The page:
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Swedish railways to get 55 billion kronor boost

The Swedish government on Wednesday announced plans to invest 55 billion kronor ($8.2 billion) to improve its railway network, after a summer marked by a series of technical problems.

Swedish railways to get 55 billion kronor boost

Some 30 billion kronor would be spent on a line linking Järna in the Stockholm region to the rail network of Linköping, about 150 kilometres to the south-west.

The government said the plans would lead to “more frequent, faster and more punctual” rail services that would not only benefit passengers and rail cargo users, but also create jobs and growth.

Another 20 billion kronor would go towards a temporary increase in the operational budget and maintenance of the national railway until 2025.

The centre-right government also plans to set aside 5 billion kronor for the

Gothenburg-Borås line, which is the last stretch of the Stockholm-Gothenburg link.

Swedish travellers were hit by a series of train delays in August, prompting the news agency TT to describe a “black month” for the rail network.

The government added that other plans are in the pipeline to improve the rail links which would be announced when it presents its 2013 budget on September 20.

It said a law on infrastructure would also be announced in the autumn.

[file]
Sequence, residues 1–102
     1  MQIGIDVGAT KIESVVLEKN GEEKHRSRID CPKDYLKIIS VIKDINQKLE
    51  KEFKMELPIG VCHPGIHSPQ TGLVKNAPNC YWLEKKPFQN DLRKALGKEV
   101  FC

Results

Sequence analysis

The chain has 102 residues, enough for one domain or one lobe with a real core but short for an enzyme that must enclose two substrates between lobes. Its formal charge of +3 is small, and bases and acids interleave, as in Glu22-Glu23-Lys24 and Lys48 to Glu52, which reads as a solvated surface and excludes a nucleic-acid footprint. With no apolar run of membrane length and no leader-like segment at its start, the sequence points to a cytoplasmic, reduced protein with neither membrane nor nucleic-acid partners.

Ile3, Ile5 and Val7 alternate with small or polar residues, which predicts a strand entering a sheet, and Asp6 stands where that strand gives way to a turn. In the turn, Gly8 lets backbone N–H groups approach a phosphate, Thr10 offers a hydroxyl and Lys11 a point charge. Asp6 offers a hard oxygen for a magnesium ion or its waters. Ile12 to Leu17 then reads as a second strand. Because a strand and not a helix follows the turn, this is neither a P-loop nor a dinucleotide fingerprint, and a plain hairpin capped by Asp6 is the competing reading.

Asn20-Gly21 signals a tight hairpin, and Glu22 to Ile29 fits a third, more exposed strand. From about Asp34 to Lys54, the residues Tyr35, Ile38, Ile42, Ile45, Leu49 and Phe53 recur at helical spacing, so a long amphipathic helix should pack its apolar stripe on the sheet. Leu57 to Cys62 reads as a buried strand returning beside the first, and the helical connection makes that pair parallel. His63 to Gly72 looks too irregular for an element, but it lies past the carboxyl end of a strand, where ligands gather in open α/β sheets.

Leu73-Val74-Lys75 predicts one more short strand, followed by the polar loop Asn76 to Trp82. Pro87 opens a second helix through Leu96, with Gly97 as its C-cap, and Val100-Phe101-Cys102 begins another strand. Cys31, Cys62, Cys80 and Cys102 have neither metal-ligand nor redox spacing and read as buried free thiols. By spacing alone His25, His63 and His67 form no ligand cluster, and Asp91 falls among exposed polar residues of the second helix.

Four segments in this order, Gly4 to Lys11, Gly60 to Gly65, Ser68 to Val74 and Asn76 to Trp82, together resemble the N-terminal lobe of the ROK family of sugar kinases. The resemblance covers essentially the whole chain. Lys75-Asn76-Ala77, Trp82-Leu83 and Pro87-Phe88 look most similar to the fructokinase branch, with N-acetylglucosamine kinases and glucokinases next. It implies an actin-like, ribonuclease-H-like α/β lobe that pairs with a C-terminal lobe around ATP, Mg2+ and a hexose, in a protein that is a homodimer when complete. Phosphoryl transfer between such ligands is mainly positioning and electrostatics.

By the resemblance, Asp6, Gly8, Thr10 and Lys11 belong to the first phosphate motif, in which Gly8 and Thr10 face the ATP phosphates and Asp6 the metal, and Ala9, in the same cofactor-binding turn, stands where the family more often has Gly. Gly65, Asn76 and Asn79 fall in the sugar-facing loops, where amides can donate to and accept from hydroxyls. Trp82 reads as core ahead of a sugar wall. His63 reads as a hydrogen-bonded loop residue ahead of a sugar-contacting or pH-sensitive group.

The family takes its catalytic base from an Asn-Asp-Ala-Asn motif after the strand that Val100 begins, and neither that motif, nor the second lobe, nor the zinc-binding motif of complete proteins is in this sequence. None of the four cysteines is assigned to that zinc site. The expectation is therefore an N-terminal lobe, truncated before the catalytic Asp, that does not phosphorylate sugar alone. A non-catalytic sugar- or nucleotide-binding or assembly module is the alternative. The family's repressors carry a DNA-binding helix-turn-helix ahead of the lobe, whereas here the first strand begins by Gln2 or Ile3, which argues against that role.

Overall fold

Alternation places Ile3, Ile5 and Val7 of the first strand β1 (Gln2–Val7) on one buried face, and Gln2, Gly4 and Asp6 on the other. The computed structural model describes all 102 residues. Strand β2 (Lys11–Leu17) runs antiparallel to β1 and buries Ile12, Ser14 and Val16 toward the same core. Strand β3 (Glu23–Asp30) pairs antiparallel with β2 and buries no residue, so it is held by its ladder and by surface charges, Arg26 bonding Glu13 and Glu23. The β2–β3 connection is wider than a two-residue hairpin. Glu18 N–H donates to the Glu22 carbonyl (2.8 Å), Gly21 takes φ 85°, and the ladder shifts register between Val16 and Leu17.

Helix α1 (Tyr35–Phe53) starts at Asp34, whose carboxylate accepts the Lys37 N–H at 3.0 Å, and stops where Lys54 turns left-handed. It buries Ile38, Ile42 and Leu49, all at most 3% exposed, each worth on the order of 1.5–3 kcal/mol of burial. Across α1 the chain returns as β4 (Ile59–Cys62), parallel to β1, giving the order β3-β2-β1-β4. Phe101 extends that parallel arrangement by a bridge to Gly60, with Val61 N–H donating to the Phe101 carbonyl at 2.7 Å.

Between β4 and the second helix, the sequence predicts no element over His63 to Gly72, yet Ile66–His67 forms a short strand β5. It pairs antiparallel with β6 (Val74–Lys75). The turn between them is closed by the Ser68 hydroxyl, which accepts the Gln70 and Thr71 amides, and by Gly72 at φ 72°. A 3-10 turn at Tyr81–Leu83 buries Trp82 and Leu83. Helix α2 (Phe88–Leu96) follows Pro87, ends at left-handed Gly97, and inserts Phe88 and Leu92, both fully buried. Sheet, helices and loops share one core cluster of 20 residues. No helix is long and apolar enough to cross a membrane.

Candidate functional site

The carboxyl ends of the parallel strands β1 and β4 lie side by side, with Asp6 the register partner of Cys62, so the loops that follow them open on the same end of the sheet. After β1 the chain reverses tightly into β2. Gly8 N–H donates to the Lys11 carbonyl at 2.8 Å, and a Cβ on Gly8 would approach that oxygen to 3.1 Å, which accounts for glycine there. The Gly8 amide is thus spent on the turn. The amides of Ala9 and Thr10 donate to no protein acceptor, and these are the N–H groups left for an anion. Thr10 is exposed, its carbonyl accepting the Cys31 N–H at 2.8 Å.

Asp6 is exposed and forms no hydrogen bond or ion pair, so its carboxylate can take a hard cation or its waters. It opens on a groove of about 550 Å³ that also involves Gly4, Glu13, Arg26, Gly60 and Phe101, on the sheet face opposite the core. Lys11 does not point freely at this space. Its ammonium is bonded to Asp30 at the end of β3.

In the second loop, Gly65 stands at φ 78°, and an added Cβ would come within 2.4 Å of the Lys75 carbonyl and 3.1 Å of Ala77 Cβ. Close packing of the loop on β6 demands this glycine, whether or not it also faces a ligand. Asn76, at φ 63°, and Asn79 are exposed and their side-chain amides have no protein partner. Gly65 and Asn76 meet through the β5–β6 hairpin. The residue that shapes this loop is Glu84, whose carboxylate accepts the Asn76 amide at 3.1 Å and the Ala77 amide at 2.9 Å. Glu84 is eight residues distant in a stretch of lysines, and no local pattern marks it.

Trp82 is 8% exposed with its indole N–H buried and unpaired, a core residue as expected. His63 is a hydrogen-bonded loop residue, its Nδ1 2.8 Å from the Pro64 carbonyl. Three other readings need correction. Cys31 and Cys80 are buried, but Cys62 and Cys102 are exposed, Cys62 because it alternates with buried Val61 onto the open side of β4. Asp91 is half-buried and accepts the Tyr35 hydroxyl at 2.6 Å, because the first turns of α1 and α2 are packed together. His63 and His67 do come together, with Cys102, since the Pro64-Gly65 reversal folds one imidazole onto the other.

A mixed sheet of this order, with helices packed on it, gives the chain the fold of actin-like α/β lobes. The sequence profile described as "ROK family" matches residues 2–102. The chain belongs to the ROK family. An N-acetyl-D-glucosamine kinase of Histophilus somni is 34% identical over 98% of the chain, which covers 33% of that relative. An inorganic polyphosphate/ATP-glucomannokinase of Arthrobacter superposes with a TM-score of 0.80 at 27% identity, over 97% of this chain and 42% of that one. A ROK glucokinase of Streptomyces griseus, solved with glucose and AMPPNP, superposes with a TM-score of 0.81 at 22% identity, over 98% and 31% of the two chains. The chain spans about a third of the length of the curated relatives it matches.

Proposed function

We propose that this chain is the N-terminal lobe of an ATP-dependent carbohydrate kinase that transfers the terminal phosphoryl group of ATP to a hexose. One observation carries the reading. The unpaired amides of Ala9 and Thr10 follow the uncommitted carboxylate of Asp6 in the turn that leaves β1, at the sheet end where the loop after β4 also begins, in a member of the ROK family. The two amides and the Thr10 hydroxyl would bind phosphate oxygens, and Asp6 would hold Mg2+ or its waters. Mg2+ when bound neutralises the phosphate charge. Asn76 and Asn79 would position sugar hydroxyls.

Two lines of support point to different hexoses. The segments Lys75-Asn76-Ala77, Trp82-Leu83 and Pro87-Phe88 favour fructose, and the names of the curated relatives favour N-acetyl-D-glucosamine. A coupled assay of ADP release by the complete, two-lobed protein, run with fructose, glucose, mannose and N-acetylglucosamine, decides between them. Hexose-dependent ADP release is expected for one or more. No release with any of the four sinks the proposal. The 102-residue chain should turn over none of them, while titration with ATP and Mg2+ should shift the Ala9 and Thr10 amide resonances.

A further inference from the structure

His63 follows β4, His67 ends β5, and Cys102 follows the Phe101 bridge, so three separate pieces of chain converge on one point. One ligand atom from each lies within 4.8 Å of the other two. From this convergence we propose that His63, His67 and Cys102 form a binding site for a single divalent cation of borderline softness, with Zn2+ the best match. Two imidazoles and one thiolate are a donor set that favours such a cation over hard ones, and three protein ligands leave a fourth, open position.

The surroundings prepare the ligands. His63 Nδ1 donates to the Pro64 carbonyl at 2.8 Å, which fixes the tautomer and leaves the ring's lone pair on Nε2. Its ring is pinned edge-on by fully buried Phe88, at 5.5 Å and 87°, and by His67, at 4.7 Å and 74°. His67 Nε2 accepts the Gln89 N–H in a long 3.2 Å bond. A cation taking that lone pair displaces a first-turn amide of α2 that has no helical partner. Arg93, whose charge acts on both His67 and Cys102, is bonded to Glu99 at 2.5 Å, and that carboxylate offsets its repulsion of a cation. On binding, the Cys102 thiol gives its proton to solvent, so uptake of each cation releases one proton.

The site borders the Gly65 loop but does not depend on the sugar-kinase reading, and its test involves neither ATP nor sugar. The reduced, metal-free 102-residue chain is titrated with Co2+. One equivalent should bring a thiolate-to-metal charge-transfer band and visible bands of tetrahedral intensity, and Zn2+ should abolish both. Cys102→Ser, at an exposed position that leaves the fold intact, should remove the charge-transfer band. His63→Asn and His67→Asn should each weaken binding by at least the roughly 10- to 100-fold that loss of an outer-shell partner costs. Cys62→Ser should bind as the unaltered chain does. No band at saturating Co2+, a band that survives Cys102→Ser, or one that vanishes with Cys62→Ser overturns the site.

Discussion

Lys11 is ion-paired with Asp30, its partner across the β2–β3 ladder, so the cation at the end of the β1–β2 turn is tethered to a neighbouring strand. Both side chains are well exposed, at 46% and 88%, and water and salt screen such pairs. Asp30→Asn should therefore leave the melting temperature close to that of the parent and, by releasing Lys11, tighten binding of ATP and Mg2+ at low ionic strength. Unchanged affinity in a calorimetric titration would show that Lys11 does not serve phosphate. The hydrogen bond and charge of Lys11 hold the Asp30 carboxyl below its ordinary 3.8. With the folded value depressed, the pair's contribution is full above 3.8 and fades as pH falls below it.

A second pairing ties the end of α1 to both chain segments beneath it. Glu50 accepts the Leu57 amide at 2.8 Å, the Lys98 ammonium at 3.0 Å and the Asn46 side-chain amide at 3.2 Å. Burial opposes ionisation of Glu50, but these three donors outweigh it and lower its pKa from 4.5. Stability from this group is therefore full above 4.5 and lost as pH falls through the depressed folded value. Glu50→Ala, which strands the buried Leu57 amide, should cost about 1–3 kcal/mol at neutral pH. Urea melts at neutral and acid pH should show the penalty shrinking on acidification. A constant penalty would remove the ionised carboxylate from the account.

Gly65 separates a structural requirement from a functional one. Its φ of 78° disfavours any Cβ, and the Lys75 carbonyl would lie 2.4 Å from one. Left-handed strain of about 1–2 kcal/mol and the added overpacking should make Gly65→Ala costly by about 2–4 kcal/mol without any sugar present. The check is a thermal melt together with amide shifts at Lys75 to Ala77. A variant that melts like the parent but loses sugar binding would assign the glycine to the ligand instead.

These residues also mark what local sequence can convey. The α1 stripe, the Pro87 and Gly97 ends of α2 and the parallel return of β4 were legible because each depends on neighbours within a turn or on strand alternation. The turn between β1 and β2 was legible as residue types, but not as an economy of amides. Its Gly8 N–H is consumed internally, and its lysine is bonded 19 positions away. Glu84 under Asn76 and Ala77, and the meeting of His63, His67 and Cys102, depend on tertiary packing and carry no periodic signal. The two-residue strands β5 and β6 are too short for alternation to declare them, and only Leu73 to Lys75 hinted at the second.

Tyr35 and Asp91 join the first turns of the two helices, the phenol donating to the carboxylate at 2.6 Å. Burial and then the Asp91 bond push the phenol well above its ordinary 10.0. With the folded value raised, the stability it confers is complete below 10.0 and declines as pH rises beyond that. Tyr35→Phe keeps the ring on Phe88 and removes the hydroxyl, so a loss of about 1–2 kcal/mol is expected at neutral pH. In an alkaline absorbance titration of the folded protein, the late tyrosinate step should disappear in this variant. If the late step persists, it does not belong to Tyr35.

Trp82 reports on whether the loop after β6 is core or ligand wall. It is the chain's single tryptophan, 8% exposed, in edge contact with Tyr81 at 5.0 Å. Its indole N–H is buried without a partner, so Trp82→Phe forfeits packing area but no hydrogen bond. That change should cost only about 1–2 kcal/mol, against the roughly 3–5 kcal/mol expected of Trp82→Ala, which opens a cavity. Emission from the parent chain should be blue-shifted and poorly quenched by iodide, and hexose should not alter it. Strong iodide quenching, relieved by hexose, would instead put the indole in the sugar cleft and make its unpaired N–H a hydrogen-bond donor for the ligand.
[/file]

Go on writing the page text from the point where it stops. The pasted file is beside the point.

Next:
AFP/The Local/og

twitter.com/thelocalsweden

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STOCKHOLM

Stockholm Pride is a little different this year: here’s what you need to know 

This week marks the beginning of Pride festivities in the Swedish capital. The tickets sold out immediately, for the partly in-person, partly digital events. 

Pride parade 2019
There won't be a Pride parade like the one in 2019 on the streets of Stockholm this year. Photo: Stina Stjernkvist/TT

You might have noticed rainbow flags popping up on major buildings in Stockholm, and on buses and trams. Sweden has more Pride festivals per capita than any other country and is the largest Pride celebration in the Nordic region, but the Stockholm event is by far the biggest.  

The Pride Parade, which usually attracts around 50,000 participants in a normal year, will be broadcast digitally from Södra Teatern on August 7th on Stockholm Pride’s website and social media. The two-hour broadcast will be led by tenor and debater Rickard Söderberg.

The two major venues of the festival are Pride House, located this year at the Clarion Hotel Stockholm at Skanstull in Södermalm, and Pride Stage, which is at Södra Teatern near Slussen.

“We are super happy with the layout and think it feels good for us as an organisation to slowly return to normal. There are so many who have longed for it,” chairperson of Stockholm Pride, Vix Herjeryd, told the Dagens Nyheter newspaper.

Tickets are required for all indoor events at Södra Teatern to limit the number of people indoors according to pandemic restrictions. But the entire stage programme will also be streamed on a big screen open air on Mosebacketerassen, which doesn’t require a ticket.  

You can read more about this year’s Pride programme on the Stockholm Pride website (in Swedish). 

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